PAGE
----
The contact holes are formed in one step, and a mask for the ion-implantation is not used, so that the fabrication steps can be simplified.
Since ion-implantation of the N-type impurity is conducted with at least the contact holes of the P-type region being covered with a mask, the P-type source and drain regions are not compensated even if ion-implantation is conducted with a higher dosage than that of the P-type region. This makes it possible to effect a sufficient extent of ion-implantation of the N-type impurity into the N-type region thereby to form a junction sufficiently deep to prevent alloy spike.
Since it is sufficient to add the step of forming the resist film to be used as the mask for ion-implantation, the process of the present invention need not be accompanied by an abrupt increase in the number of steps, so that it can be practiced more easily than the other processes for preventing alloy spike. Since the mask for ion-implantation can be formed of the resist film, the steps can be simplified.
Since ion-implantation into the polycrystalline silicon film is conducted simultaneously with ion-implantation of the N-type impurity into the N-type source and drain regions, it is possible to reduce the resistance of the polycrystalline silicon thereby to improve the connection thereof with the aluminum contacts.
Thanks to the formation of the insulating film after the contact holes are formed, it is possible to eliminate the outward diffusion of the N-type impurity due to the annealing treatment after ion-implantation. Since that insulating film is made of the silicon oxide film prepared by thermal oxidation, moreover, the steps can be further simplified.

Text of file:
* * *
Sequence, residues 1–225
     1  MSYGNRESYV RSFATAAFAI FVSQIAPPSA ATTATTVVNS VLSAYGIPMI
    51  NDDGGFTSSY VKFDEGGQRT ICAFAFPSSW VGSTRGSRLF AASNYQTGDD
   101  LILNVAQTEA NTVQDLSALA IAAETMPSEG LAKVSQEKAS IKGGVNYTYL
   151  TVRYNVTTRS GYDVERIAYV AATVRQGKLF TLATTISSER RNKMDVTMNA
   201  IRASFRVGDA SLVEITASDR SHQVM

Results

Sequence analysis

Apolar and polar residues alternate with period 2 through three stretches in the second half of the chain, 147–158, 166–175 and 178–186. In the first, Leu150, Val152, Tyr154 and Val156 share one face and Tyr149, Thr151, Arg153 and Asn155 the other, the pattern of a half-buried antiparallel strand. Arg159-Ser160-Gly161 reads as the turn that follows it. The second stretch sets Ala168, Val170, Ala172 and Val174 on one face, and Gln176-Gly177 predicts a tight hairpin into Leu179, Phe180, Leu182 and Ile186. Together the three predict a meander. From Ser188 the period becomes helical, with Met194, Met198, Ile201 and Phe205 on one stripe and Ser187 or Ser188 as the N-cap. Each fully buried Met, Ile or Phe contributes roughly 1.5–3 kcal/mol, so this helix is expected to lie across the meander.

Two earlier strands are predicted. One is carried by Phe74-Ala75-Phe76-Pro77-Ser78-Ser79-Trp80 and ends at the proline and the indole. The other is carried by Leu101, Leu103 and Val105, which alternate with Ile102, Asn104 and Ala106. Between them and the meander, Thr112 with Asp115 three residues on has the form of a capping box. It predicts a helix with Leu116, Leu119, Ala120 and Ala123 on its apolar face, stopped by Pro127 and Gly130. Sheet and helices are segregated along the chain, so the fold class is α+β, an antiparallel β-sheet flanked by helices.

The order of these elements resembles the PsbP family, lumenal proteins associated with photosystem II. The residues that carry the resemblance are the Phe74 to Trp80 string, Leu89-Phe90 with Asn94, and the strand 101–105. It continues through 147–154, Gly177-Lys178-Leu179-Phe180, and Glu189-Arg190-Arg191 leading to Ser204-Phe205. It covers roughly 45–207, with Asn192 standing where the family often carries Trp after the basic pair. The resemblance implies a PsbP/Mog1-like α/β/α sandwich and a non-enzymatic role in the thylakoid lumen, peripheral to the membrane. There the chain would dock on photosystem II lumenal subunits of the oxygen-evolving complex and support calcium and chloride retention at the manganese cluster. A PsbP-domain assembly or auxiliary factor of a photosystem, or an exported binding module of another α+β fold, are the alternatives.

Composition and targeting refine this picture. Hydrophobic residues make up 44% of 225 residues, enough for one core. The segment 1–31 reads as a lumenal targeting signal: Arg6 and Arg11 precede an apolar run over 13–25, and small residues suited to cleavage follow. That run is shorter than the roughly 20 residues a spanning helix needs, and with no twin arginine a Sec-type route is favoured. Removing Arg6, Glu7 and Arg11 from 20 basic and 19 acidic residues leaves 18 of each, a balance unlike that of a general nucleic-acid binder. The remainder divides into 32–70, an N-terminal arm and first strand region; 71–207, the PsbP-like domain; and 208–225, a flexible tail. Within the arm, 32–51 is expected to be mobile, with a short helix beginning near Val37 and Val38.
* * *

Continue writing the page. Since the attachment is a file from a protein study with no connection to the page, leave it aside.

Although the invention conceived by us has been specifically described hereinbefore in connection with the embodiments thereof, it should not be limited to the embodiments but can naturally be modified in various ways without departing from the gist thereof.
For example, the region 9 may be formed by the process shown in FIG. 6. FIG. 6 shows an example, in which the processes shown in FIGS. 5 and 4 are both practiced. Specifically, the insulating film 32 made of silicon oxide is formed by thermal oxidation, and the mask 28 for the ion-implantation is made of the resist film. According to this example, it is possible to freely set the dosage of the ion-implantation for forming the region 9. It is also possible to decrease the connection resistance of the polycrystalline silicon layer. It is further possible to eliminate diffusion of the impurity (such as phosphorous) into the atmosphere during the annealing treatment for forming the region 9.